Following the rejection of cowpea also called beans exported to other countries from Nigeria the Nigerian Agricultural Quarantine Service, NAQS, and Cowpea Association of Nigeria, CAN, move to control pesticides application on preservation and storage of the commodity before export.
The Director, NAQS, Dr Vincent Isgebe, noted that the way and manner of chemicals applied to preserve the commodity should done according to international best practices.
This director’s reaction was contained in a statement issued by the Head Media, Communications and Strategies, Dr. Gozie Nwodo.
Isegbe made the assertion during an engagement with the President of CAN, Shittu Mohammed in Abuja, where he pointed out that exporters of the commodity and dealers back home should take to what the agency is giving them as guidelines that would help them access the international market.
He further stated that with the wrong application of pesticides on exported beans that resulted in rejection by importing countries, Nigeria has lost huge foreign exchange including thousands of jobs traceable to a steady trend of intolerable quality defects.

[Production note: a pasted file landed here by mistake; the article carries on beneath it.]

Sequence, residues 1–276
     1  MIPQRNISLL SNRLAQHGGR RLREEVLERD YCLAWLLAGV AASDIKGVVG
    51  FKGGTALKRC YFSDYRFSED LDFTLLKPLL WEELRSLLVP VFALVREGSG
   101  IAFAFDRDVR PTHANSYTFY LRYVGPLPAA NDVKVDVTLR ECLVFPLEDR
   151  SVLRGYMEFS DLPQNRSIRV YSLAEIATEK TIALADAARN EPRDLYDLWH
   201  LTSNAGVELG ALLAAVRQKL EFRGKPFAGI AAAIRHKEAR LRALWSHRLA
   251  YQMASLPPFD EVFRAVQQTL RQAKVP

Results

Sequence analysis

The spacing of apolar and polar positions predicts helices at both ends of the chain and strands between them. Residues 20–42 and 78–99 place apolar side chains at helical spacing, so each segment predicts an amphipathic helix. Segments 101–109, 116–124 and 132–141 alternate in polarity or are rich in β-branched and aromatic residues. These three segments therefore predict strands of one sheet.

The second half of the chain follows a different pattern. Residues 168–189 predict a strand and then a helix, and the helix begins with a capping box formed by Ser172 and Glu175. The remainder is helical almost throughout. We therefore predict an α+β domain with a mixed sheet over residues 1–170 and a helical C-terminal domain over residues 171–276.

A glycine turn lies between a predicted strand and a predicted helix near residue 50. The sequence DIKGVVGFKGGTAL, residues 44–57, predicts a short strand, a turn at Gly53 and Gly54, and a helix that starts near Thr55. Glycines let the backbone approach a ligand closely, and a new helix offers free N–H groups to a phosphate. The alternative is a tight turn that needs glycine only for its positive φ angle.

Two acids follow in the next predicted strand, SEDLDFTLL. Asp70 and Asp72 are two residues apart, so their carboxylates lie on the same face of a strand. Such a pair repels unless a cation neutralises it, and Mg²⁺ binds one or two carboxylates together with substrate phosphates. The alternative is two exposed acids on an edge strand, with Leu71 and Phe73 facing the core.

He said: “The pattern of boom and bust in cowpea export owes to the ingrained issue of high pesticide residue. The pesticides are largely introduced during the storage phase.
“The residue levels in the cowpea tend to rise above the maximum threshold set by certain customs union and this makes the product unacceptable in crucial destinations.
“We need to make a clean break from imprudent application of storage pesticides and consolidate a reputation for producing and delivering cowpea that satisfy relevant quality criteria.”
Meanwhile, he (Isegbe) charged stakeholders in the cowpea value chain to work out ways to improve their capacity in terms of a network of cooperatives that would make strong self-regulation in order to ensure activities of members meet the standard requirements by regulatory agencies within and outside the country.
He also added that with strict adherence and monitoring by members of the cooperative would make huge profits because of meeting required international standards, which players in the cowpea industry are to take the initiative for the entire process of producing export-destined cowpea.
Earlier speaking, the President, CAN, Shitu Mohammed, highlighted basic challenges which include lack of awareness as major cause of high pesticide residue at the storage endpoint.
Mohammed also explained that what his members do in preserving the commodity called liberal application of pesticides is to protect and prevent penetration by weevils.
“They didn’t know that they were effectively demarketing the produce and setting up themselves not to make profit.
“The intervening period in which cowpea export has been at low ebb has given stakeholders a light-bulb moment.
“They are now ready to adapt. Everyone is eager to go organic so that stability, momentum and growth can return to the value chain”, he stated.